Working on and editing new film about “biomechanics” the acting techniques by Meyerhold. Just a small preview. This is an extended version (around 30 minutes) of the footage shot for the film Meyerhold Theatre and the Russian Avant-garde which I am editing into a film.
There will be no text, just a soundtrack of which a taste can be heard on this video. I debated about whether to add text and some explanation but reached the conclusion that this film is better as a performance video. I will maybe add some written explanation once the video has been released.
This footage was shot in Moscow in a studio a few years ago and I have always wanted to release a longer version of it and was encouraged by many to make a film using this material. I have composed a complete soundtrack which I think is right for the atmosphere of the film. I have written a more detailed account of how we filmed these sequences for the film Meyerhold Theatre and the Russian avant-garde and is included in the book The Russian Theatre Film Series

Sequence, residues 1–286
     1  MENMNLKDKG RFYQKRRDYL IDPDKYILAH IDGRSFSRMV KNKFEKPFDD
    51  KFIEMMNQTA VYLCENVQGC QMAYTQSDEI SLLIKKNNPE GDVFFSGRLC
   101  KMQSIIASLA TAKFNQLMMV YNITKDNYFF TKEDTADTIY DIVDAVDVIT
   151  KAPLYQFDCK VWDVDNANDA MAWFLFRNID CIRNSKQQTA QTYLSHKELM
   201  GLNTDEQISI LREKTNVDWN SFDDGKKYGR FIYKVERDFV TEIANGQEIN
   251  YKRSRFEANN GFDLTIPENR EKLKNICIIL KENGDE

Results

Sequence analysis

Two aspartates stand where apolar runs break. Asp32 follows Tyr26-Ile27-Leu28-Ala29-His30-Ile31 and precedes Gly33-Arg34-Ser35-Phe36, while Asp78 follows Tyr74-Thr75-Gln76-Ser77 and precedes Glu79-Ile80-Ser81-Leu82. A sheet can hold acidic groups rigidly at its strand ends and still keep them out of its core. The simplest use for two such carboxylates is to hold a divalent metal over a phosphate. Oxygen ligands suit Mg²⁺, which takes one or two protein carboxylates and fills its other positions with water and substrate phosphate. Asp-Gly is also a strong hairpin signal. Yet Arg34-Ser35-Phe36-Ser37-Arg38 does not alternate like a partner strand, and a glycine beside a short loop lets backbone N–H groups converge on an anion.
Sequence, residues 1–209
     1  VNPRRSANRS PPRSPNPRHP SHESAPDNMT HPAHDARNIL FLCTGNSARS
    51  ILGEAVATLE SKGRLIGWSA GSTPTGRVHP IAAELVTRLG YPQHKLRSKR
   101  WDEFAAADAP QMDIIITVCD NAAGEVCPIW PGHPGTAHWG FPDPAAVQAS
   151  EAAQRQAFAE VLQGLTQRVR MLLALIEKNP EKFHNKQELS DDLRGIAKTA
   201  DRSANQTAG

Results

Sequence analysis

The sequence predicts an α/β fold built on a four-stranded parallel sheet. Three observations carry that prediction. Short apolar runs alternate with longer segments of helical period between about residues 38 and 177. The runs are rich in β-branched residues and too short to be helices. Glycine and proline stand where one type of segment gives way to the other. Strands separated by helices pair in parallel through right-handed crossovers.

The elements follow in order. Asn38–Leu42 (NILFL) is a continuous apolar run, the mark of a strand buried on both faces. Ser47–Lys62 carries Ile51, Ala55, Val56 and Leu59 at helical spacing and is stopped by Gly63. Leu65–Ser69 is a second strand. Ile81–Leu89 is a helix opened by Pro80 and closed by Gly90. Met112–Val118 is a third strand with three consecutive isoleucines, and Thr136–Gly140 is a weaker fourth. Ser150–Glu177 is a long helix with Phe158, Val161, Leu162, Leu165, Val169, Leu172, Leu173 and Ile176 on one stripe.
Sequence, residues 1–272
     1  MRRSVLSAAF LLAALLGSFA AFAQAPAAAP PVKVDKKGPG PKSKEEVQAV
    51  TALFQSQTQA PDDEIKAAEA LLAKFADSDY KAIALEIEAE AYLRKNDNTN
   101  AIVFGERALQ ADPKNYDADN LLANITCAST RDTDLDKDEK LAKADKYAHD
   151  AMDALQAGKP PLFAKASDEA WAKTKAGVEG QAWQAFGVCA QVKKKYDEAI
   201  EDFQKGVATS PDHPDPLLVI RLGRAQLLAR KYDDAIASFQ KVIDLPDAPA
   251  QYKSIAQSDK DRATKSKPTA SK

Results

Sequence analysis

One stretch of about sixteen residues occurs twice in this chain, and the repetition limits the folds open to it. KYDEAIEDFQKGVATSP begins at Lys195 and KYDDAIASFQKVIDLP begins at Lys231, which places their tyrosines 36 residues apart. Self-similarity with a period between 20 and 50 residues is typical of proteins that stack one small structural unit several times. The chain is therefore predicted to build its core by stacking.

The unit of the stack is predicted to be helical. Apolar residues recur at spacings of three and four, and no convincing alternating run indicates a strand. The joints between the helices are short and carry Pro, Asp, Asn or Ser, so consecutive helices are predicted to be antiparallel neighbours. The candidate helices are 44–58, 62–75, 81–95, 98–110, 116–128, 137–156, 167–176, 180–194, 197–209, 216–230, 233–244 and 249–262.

Have been working constantly on the old film Japan Philosophical Landscapes film. Have made a new version in a different format and finally I managed to get an edited version which works. Certainly it is good enough to put up on Amazon Video Direct which I think is the perfect platform for this film. I never thought it would work on DVD. However I have since revised that opinion and I might release a DVD version as well. The Amazon video direct spot is perfect as it can be viewed as part of the Amazon Prime service which doesn’t entail buying the film although the film earns money for the amount of hours it is viewed. I have completed the closed captions. In many ways I have changed my attitude towards the film. I took it much too seriously and therefore feared criticism. Now I have an easier relationship to it and do not think of it as a real heavy laden piece of work but something much of an experiment – looser and adapted for the internet, concentrating more on the story rather than the preciseness of the images. Some things have worked well, better than I expected. The film fits within the overall project Japan Philosophical landscapes which includes the film Tokyo Journey and David Burliuk and the Japanese Avant-garde as well as the book Journey to Ogasawara. The film can be downloaded here: Japan Philosophical Landscapes